Much of the story deals with speeches about how to live better lives and more closely follow Mormon ordinances -- a key factor in the Mormon understanding of salvation. But here we get back to the lede:

Among the day's sermons, the "we are Christians, too" mantra stood out. It may have been prompted, in part, by the recent distribution of an anti-Mormon DVD produced by evangelical Christians or by some of the harsh statements about LDS theology made in the context of Mitt Romney's campaign for president.

During the morning session, Hinckley said he found the Nicene Creed, a statement from 325 A.D. about the relationship between God the Father and Jesus Christ that most Christians accept, to be "confusing."

The LDS Church relies instead on the personal experience of founder Joseph Smith, who claimed to have a vision of God and Jesus in 1820.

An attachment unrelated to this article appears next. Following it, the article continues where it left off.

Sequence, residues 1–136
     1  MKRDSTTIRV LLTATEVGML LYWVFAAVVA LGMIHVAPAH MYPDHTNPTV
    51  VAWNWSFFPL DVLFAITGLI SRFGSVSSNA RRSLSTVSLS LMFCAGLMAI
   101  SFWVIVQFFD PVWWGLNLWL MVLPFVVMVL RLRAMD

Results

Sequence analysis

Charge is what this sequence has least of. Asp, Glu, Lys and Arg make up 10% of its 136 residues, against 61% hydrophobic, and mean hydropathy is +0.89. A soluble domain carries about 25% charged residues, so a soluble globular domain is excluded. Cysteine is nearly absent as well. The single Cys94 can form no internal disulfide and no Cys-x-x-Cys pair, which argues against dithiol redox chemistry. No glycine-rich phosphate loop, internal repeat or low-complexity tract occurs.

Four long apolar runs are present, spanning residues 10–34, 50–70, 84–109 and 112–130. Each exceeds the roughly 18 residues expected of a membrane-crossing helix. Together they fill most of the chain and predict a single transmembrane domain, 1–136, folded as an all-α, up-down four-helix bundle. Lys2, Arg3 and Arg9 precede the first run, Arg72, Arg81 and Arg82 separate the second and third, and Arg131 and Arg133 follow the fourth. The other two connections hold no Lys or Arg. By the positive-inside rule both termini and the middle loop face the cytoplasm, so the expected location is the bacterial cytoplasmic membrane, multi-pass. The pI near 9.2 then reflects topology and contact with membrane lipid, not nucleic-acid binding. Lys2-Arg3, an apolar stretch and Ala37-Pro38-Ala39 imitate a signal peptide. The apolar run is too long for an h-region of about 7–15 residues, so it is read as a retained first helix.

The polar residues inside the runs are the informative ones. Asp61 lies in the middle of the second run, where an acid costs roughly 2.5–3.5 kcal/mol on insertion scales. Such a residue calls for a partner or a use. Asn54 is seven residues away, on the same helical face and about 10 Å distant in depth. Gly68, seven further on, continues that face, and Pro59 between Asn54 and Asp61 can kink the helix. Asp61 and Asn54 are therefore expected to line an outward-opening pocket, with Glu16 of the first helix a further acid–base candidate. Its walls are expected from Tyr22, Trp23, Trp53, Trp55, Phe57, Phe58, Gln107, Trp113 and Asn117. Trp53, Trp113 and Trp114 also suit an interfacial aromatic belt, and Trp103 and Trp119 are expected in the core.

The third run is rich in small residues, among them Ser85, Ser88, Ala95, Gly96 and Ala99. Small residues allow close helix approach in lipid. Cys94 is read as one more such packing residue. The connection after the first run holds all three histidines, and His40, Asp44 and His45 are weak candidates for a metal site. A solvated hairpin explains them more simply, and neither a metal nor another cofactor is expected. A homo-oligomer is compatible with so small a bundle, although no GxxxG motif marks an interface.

"He knelt in their presence; he heard their voices; and he responded," [President Gordon B.] Hinckley said. "Each was a distinct personality."

God is a "being, real and individual. He is the great governor of the universe, yet, he is our father, and we are his children. . . . Jesus is the living Christ. He is the Jehovah of the Old Testament and the Messiah of the New."

Apostle M. Russell Ballard added that he believes the Book of Mormon does not contradict the Bible in any way. As a piece of reporting, the story is great and provides a nice summary for those who could not watch or attend the conference.